aka sweet Basil, Bay Laurel or Laurus nobilis
Not to be confused with Californian, Indian, Indonesian, West Indian or Mexican bay leaves, which are all different plants. Other members of the laurel family (mountain & cherry laurel) have leaves poisonous to humans & cattle. Bay laurel is safe, although usually removed from the pot before serving, because it doesn’t break down and is difficult to eat.
Fresh or dried bay leaves are used in cooking for their distinctive flavor and fragrance. The leaves are often used to flavor soups, stews, braises and pâtés in Mediterranean cuisine. The fresh leaves are very mild and do not develop their full flavor until several weeks after picking and drying.
Planted in the ground, Bay will grow up to 8m as a tree or shrub. It does tend to sucker and spread when it gets older. If this is a problem, you can easily grow them in a container. As with all potted plants, they will require more watering in summer. Popular as topiary – they can be trimmed into any shape including balls, pyramids, animals or pleached. They are fairly hardy, although they can be prone to thrips (which are hard to control organically) if planted in a too sheltered spot. If in a pot, simply move out into the open, where the bugs don’t like to be.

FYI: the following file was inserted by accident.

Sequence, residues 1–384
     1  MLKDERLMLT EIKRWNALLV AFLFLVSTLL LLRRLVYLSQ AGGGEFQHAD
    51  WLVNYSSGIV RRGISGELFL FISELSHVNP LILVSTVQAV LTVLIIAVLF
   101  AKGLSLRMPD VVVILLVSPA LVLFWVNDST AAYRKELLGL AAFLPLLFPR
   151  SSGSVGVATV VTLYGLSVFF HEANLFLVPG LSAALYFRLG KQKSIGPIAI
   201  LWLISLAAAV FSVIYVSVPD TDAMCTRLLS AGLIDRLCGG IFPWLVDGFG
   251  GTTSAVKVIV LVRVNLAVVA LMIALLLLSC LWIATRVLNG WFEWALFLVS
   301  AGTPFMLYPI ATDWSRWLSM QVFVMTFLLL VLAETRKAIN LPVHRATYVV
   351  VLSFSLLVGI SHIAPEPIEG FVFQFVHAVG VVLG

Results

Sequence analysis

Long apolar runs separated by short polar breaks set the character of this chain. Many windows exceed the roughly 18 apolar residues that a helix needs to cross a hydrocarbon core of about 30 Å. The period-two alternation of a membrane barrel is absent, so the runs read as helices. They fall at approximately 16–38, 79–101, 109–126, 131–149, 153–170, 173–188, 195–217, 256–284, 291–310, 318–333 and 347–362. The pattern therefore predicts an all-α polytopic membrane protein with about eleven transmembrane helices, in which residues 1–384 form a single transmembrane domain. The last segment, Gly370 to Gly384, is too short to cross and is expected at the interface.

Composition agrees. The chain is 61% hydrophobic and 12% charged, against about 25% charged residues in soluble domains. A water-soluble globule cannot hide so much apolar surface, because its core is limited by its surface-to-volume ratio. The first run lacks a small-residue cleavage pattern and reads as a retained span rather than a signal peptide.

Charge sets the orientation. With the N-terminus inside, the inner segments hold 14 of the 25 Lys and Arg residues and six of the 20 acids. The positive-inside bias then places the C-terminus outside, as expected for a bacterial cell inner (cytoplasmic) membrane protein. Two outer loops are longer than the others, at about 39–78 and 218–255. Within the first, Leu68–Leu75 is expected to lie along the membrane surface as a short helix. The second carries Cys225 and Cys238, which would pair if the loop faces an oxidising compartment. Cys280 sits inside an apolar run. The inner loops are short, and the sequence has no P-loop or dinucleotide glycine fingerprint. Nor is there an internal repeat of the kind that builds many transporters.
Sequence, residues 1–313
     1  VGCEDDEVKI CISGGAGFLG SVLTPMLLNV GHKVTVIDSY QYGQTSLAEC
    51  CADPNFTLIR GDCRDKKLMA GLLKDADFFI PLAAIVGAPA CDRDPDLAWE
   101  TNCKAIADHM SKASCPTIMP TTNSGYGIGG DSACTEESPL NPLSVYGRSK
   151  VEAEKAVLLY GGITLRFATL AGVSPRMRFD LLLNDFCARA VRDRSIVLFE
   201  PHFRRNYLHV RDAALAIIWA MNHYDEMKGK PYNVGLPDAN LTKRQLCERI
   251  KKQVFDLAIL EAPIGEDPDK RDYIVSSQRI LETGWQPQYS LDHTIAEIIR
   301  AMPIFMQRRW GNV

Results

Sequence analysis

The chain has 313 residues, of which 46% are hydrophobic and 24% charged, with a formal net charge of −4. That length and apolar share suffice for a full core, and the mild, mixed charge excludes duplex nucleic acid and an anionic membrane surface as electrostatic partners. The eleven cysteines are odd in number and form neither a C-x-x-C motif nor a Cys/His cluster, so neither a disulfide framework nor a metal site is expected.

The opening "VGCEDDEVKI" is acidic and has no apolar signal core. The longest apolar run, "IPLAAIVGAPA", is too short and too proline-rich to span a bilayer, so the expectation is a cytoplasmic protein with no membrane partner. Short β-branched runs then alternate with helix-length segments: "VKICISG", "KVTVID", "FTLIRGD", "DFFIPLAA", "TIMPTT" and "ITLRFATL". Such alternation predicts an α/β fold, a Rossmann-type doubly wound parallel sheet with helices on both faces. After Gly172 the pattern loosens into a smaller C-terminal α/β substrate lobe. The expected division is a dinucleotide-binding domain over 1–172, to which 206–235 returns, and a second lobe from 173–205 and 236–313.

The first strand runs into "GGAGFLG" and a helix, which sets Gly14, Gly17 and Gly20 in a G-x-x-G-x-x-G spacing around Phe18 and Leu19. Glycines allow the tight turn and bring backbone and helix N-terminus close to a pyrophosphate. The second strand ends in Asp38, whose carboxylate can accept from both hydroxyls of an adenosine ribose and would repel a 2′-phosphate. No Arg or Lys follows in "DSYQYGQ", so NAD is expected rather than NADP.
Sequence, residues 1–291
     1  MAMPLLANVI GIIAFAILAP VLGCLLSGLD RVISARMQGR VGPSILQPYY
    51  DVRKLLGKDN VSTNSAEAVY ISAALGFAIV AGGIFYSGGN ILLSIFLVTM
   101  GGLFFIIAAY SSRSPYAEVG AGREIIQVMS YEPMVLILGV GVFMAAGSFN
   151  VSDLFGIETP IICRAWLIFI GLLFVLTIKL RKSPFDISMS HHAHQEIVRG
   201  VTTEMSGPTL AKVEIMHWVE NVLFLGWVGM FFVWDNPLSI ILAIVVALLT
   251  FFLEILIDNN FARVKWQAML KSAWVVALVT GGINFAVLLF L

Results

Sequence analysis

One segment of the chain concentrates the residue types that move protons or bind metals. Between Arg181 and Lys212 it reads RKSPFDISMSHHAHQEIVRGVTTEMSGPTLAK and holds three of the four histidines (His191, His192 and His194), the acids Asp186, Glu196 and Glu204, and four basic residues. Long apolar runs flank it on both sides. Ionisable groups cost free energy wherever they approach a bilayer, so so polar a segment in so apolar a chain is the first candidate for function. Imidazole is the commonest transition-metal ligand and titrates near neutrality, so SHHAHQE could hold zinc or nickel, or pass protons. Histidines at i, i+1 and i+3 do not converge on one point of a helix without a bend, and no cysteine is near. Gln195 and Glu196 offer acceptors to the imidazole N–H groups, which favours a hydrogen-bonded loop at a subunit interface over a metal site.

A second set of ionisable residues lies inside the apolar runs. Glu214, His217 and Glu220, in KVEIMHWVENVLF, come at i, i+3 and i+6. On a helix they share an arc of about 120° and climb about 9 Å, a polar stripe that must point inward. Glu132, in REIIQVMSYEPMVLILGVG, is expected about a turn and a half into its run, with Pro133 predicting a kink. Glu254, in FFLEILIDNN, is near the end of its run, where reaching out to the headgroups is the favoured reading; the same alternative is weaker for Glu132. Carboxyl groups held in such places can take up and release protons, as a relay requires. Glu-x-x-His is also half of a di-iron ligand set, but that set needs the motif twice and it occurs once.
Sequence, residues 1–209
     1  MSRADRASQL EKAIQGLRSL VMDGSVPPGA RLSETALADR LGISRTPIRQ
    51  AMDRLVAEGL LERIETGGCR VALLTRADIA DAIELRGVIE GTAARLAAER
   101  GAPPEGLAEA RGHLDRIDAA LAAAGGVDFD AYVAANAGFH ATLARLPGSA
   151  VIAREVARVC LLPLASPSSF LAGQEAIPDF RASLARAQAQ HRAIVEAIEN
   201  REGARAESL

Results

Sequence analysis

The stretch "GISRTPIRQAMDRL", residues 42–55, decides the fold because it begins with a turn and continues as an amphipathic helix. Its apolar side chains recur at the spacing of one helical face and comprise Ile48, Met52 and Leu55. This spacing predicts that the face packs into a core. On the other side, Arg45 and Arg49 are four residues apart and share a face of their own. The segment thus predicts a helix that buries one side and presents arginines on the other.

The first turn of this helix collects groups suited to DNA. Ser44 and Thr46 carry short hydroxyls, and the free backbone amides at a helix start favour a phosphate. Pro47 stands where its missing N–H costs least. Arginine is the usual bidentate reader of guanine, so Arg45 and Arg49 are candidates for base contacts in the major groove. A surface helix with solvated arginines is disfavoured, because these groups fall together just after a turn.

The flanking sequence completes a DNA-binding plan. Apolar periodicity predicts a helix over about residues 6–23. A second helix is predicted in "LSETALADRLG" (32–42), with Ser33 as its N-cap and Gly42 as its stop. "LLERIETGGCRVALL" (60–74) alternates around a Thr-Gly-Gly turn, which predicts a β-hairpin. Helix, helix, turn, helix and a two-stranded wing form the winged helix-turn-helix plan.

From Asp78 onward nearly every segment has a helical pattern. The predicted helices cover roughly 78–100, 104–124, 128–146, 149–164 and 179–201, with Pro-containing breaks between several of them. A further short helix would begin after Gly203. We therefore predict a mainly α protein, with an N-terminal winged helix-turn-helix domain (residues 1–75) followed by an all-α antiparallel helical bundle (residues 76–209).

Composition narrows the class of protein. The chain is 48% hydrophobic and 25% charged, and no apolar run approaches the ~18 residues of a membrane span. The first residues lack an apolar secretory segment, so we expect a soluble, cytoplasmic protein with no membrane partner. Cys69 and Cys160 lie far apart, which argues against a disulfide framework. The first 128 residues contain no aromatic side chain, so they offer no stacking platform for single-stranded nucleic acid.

Another good use is to scatter dried leaves in the pantry to repel meal moths (the little ones which fly out of your open flour, oats etc packets), flies, roaches, mites and silverfish. They also contain many nutritional and medicinal properties which are outlined in this page http://www.nutrition-and-you.com/bay-leaf.html